Along the area known as the
Etna Circuit (Circuito dell’Etna), on the coastal part
between Catania and Messina, is where you will find Acireale,
a locality that boasts ancient foundations, which could be
confused with the myth of Aci shepherdesses and Nereide (sea
nymph) Galatea, sung about by Roman poets Virgilio and Ovidio:
Aci was a love rival of Polifemo. The story tells of how Aci
would have been crushed under a boulder and his blood gushing
out would have created the Akis river, also known by the Greek
colonies, arriving here instead during the VII century BC.
During Roman times, it was known as Aquilia, and had a prominent
role during the Punic wars against the Carthaginian general,
Hannibal, and also during the Civil War of 37 BC, where it
saw a naval clash between the Ottaviano Augusto fleet and
Sesto Pompeo Magno, the son of Pompeo.
After the period of Barbaric invasions it stabilised and became
part of the Byzantine peninsula estate, where the castle of
Aci was constructed, the future nucleus of the modern day
During the 9th century, the whole of Sicily was conquered
by the Arabs and later by the Normans in the 12th century.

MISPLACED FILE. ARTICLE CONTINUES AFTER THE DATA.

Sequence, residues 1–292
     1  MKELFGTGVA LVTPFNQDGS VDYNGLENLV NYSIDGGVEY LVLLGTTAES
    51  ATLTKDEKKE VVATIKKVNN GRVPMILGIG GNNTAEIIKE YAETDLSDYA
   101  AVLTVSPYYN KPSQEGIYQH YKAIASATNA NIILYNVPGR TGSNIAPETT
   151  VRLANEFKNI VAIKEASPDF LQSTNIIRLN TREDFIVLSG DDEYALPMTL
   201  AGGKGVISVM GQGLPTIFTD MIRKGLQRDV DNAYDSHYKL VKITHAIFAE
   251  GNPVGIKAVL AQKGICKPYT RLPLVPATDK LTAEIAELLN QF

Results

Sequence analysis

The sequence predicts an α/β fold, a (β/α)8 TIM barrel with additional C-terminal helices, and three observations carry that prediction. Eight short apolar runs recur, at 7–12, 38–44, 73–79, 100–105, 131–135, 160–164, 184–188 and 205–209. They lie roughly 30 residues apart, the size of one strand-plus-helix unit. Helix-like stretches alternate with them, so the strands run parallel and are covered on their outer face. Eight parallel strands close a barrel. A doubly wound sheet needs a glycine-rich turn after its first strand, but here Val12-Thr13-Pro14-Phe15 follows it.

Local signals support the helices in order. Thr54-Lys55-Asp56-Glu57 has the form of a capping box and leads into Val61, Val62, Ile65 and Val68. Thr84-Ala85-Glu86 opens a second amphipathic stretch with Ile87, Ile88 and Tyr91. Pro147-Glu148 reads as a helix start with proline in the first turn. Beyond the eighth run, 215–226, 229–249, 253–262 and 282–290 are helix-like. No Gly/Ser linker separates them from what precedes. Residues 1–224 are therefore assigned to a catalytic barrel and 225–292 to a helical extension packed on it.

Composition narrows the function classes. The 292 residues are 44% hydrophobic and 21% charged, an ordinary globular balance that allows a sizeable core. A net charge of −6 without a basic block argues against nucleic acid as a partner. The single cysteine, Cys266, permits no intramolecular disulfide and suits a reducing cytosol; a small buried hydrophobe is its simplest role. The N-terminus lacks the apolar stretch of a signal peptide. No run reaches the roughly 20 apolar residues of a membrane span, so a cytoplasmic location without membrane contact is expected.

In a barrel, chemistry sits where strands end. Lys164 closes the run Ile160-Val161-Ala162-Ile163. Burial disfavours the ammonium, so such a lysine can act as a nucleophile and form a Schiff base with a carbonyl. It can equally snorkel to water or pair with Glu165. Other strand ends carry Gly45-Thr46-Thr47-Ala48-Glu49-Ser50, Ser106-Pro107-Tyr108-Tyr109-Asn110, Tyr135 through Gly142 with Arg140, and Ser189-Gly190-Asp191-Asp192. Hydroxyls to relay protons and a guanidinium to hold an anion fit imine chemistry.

Following its destruction by an earthquake in 1169 and the
eruption of Etna, its inhabitants founded Aquilia. Although
new, the modern Acireale was formed as a result of the siege
by the fleet of King Robert of Naples in 1326, which determined
a move by its inhabitants to the Byzantine castle area.
In 1642 the City became known by its present day name under
the regency of King Phillip IV of Spain.
The city was destroyed by an earthquake in 1693, then rebuilt
once more only at the end of the 19th Century with the construction
of the first thermal establishment and subsequent birth of
the modern tourist industry.
Fulcrum of a visit to Acireale is the Cathedral of Annunziata
and S.Venera (1597-1618), where you can find the Cathedral
of Saints Peter and Paul ('600), the town council building
(Palazzo del Comune -1659) side by side in its public square
and protected Palazzo Modò ('600) which looks onto
the square. You must not miss a visit to the Villa Belvedere
gardens with its splendid panorama overlooking the Ionian